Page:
In Pakistan, John Kerry takes tough line on Taliban talks, drone attacks
Islamabad: The US will continue its fight against the Taliban while seeking a political solution to the Afghan imbroglio, Secretary of State John Kerry said on Thursday even as he rejected Pakistan`s concerns on American drone strikes.
"Dialogue and military strategy (to combat terror) will continue...I do not agree that there is a lack of synchronisation between the two," Kerry told a joint news conference with National Security Advisor Sartaj Aziz after intensive meetings with Pakistan`s top leadership.
Kerry refused to promise that US drone attacks inside Pakistan would stop and rejected the impression that the strikes were a violation of the country`s sovereignty.
"I know there are issues of sovereignty that are raised. I would simply remind all of our friends that somebody like al Qaeda leader Ayman al Zawahiri is violating the sovereignty of this country," he said.
"And they attack people in mosques, (they) blow up people in villages, in market places, they are violating the sovereignty of the country."
Drone strikes have emerged as a key irritant in Pakistan-US ties, with Islamabad describing them as counter-productive.
Kerry said the US is gearing up for the drawdown of its forces in Afghanistan and to prepare the grounds for talks to organise the Afghan presidential election next year.
He made it clear that the US will not completely pull out of Afghanistan, saying it was a "drawdown and not a withdrawal".
Troops of over 50 western countries will remain to counter terrorism and help train Afghan forces, he said.
Kerry hoped the Afghan Taliban will return to negotiations as part of efforts to find a political solution to the Afghan problem.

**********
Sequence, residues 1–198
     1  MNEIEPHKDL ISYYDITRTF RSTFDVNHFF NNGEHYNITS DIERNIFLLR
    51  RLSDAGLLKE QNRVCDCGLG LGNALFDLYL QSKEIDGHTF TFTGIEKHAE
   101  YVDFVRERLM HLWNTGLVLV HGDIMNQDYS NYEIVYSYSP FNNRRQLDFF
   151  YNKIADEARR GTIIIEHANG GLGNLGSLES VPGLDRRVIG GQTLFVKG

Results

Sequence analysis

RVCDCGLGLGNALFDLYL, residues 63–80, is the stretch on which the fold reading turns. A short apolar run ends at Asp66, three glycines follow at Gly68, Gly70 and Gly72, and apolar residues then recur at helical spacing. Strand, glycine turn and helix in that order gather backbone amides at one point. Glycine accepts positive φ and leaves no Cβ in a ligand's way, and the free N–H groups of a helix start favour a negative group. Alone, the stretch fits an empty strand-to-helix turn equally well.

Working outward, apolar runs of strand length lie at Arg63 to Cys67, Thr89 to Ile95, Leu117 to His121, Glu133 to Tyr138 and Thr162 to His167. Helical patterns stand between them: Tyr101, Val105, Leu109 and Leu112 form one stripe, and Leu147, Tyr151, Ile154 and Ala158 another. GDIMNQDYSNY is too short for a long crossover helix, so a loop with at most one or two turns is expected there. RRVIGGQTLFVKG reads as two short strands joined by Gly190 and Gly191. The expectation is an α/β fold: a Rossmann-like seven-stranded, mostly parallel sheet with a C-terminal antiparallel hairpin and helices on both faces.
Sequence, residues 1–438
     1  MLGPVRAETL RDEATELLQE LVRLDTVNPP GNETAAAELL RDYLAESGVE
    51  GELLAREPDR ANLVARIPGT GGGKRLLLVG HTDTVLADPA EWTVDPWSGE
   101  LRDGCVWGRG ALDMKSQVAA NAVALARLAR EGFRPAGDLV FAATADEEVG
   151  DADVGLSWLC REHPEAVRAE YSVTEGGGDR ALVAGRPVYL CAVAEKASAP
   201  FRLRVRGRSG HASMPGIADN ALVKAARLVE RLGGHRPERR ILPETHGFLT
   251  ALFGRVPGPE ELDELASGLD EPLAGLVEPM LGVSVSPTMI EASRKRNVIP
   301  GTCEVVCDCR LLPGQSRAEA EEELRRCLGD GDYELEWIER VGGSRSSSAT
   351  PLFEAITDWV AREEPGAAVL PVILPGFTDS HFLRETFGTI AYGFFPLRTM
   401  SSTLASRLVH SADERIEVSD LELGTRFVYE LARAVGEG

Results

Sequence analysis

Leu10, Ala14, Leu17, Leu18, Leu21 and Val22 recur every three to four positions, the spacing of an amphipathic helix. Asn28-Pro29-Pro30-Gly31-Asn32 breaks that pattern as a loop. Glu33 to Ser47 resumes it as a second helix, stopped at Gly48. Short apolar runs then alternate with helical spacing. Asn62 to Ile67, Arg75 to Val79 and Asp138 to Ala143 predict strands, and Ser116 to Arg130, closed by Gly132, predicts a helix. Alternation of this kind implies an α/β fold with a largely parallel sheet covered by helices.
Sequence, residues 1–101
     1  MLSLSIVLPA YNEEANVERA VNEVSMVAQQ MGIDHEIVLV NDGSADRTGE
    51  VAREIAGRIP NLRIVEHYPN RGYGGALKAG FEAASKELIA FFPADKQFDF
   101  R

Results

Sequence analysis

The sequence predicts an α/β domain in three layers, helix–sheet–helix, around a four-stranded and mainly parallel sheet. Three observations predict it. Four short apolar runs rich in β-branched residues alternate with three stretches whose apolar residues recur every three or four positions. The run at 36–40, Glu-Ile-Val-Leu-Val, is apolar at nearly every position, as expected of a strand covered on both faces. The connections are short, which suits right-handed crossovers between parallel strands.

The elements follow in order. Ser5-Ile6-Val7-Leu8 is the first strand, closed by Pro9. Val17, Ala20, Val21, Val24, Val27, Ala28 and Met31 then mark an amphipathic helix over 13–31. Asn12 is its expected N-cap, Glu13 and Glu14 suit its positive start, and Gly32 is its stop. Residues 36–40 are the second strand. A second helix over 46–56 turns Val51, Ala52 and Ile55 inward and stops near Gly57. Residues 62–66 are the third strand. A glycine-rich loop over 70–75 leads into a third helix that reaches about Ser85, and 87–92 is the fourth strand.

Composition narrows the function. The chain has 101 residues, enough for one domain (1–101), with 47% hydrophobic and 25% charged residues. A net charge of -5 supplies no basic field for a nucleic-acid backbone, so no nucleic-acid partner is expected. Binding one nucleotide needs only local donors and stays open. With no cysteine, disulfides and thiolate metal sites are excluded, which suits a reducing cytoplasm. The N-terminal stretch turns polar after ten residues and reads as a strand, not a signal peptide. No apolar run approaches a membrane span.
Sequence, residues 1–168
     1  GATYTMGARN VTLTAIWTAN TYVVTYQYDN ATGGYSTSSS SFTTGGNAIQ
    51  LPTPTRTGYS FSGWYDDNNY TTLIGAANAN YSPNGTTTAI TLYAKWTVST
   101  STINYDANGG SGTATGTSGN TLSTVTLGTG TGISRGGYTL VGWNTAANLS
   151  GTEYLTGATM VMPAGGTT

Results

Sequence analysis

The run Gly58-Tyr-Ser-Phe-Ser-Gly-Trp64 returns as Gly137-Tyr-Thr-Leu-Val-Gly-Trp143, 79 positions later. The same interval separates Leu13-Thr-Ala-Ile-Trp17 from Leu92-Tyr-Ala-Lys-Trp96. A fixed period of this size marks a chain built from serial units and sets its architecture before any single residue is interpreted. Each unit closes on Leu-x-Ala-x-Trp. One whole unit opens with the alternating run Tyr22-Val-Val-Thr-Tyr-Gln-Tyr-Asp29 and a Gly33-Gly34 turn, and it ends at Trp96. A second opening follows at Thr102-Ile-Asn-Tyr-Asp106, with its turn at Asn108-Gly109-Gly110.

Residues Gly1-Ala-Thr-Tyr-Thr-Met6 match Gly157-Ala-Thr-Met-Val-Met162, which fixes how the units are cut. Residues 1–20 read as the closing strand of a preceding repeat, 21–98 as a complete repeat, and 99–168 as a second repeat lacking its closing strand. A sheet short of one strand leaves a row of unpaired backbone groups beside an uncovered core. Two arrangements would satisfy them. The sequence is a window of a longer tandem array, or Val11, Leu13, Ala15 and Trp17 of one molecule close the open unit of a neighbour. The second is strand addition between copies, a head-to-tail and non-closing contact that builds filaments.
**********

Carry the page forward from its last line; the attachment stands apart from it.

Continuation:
"The reason we hope talks can take place is because everybody understands a political resolution is better than the continued fighting," he said.
As an apparent sop to Pakistan, Kerry announced that the US will resume the stalled strategic dialogue process in six months and also improve bilateral trade ties.
Aziz, the advisor to Prime Minister Nawaz Sharif on foreign affairs and national security, said Pakistan is committed to an Afghan-led peace process.
"I think what Secretary Kerry said, it is the process between Afghan stakeholders and we can do our best to facilitate the process. We cannot do more than facilitate," Aziz said.
He reiterated Pakistan`s demand for the US to stop drone attacks, saying they were creating more problems for the country.
However, Kerry said President Barack Obama had already outlined detailed policy guidelines to target militants in remote areas as part of the US counter-terrorism strategy.
Referring to the issue of terrorist safe havens, Kerry said a lot of issues need detailed attention and talks. The two sides had agreed to start their strategic dialogue and five sub-groups will begin meeting immediately.
"We agreed...That we are going to begin the strategic dialogue immediately and over six months, we would have the ministerial (meeting)," he said.
Kerry said the talks will cover "all of the key issues between us, from border management to counter-terrorism to promoting US private investment".
The two sides further resolved to fight the common threat of terrorism and move relations forward, with Kerry saying that Washington wants to make its ties with Islamabad more broad-based and lasting.
Earlier, Kerry met Prime Minister Sharif and invited him to visit the US later this year to meet President Barack Obama.
Kerry arrived in Islamabad last night for a one-day visit aimed at improving strained bilateral relations and to seek cooperation in asking the Taliban to enter constructive peace talks with the US and Afghanistan to facilitate regional stability after the withdrawal of foreign forces in 2014.
This was Kerry`s first visit to Pakistan as Secretary of State though he has a long history of helping overcome irritants in bilateral ties.
He was sent to Islamabad for talks after CIA contractor Raymond Davis gunned down two Pakistani men in Lahore in January 2011 and then again after the unilateral US military raid that killed Osama bin Laden in Abbottabad a few months later.
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